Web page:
How two men made a difference in a conservative town
by Dan Woog -
SGN Contributing Writer
As a basketball coach for 30 years, Denny Smith seldom thought about LGBT issues. Being Gay wasn't right or wrong - it simply was not part of the Xs-and-Os world Smith (who calls his early coaching style 'authoritarian') knew so well.
Raised Catholic, he could have been angry, upset, confused, or even hateful when Kyle, one of his three sons, came out in his early 20s.
Instead, Smith felt overwhelming sadness. It was not because of the news - it was because Smith feared Kyle would face a lifetime of hatred and cruelty.
Smith had already witnessed the public reaction when a priest in their town of St. Cloud, Minnesota, came out some years before. Many of the blistering letters to the editor in the local paper had come from other ministers. But Smith had also seen that the love between a family relative and his partner - a young man who died of AIDS - was no different than the love Smith felt for his wife, Pat.
Smith grew furious a few years later when Kyle's partner, Joe- a student from the Philippines, whom the Smiths considered part of their family - was forced to leave the country because his student visa expired. The couple still lives apart. (Kyle, who has a job with Microsoft, gets to see him several times a year.)
So Smith - who played football, basketball, and baseball in high school - became an activist. A year ago, when Minnesota put an amendment on the 2012 ballot defining marriage as only between a man and a woman, Smith founded a nonprofit institute, Winning Marriage Equality. The aim was 'to talk about this hot-button issue in a calm and respectful manner.'
Befitting a lifelong Minnesotan, Smith's activism has been passionate, but low-key.
For example, on the way home from an important basketball game, one player wrote an anti-Gay slur on a teammate's jacket. The players, and the rest of the coaching staff, laughed.
Quietly, Smith told his fellow coaches, 'This is not OK.' He asked the head coach if he could speak to the team. Smith told the boys that by joking about being Gay, they might unintentionally hurt people they truly cared for.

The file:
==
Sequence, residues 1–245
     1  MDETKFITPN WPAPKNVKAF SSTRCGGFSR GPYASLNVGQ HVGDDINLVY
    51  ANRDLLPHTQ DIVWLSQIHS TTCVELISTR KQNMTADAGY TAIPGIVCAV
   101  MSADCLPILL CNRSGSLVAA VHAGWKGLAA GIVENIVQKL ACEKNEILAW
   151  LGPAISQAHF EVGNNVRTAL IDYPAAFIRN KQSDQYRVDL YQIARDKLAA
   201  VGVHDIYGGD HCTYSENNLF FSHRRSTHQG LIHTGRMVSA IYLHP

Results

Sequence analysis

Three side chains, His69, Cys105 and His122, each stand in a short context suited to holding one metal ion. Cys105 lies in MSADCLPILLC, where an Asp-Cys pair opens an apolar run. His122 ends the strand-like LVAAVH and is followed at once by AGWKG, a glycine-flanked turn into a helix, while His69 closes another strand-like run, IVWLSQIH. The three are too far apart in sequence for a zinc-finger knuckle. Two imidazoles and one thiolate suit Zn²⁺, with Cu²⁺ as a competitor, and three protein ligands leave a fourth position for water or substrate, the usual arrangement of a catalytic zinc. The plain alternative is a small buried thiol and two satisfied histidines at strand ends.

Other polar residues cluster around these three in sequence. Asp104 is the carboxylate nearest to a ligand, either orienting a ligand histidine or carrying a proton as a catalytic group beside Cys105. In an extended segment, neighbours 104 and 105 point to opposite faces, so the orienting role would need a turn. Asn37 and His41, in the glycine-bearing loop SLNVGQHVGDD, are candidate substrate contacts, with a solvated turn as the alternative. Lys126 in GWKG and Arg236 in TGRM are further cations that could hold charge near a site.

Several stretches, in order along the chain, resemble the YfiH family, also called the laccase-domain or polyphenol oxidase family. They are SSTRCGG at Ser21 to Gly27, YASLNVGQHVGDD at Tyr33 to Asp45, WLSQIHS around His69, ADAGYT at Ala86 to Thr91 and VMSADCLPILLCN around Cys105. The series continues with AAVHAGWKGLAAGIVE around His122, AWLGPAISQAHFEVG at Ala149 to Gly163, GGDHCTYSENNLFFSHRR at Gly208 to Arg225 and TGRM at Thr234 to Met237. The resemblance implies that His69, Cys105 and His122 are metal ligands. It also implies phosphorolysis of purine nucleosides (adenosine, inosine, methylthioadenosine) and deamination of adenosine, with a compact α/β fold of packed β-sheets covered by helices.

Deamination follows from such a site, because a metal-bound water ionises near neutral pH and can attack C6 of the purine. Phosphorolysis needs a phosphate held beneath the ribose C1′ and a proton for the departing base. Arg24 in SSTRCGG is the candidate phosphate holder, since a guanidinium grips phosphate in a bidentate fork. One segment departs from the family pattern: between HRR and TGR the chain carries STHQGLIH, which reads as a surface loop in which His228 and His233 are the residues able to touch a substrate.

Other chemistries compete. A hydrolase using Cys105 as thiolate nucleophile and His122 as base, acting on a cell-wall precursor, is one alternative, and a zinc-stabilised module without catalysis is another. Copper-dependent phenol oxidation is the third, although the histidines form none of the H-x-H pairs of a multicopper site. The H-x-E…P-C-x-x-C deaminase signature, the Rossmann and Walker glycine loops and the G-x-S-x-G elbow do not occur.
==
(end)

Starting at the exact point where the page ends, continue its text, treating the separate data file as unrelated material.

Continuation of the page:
Smith's tone was forceful, but non-threatening. As he looked around, players nodded their heads. It was a small moment, but it resonated with the coach.
'Sports is like anything else,' he says. 'When you work together, play together, you get to know each other as people. You realize differences are not important. Black and white athletes were once separate. Now they do everything together. We never think of those differences - they're irrelevant. It's the same with Gay and straight.'
A fellow St. Cloud coach is Dave Schorn. A respected teacher with the most wrestling wins in the history of his school, Schorn came out several years ago as a Gay man. His contract was not renewed. The reason given was that the school wanted the program to go in a 'new direction.' (He continues to teach at the school.)
Schorn, who also coached football and who may be the only out (former) coach in the state, felt strongly that his sexuality was his own personal business. But after hearing about teen suicides (including some in Minnesota), learning about Harvey Milk and seeing a lack of local Gay role models, Schorn realized he had to be visible.
He has since helped start a PFLAG chapter. He speaks at rallies. He challenges prevailing views, and opens hearts and minds. He calls his work 'very rewarding.'
A SUPPORTIVE COMMUNITY
Since he came out, Schorn says, 43 former athletes have come out to him. Nearly a dozen join him on the speaking circuit.
St. Cloud, he says, is 'very conservative - Michele Bachmann territory.' But thanks in part to Schorn's voice, and those of the former athletes, it has become what Schorn describes as 'a great area of support' for LGBT issues.
Most of the 43 former athletes' stories are positive, Schorn says. They were not out in high school. But though some felt lonely, they did not feel threatened on sports teams or treated poorly by coaches.
The reason the former athletes have come out, Schorn says, is their strong desire to be role models to Gay teenagers who may once have been in their shoes.
On a personal level, Schorn describes the reaction to his coming out as 'very positive.' When his coaching contract was not renewed, he feared that his many wrestling alumni would abandon him.
'It's been the other way around,' he says. 'They call, they send letters, they talk about the pride they feel in me.'
That may be Dave Schorn's most important victory of all.
Dan Woog is a journalist, educator, soccer coach, Gay activist, and author of the 'Jocks' series of books on Gay male athletes. Visit his website at www.danwoog.com.
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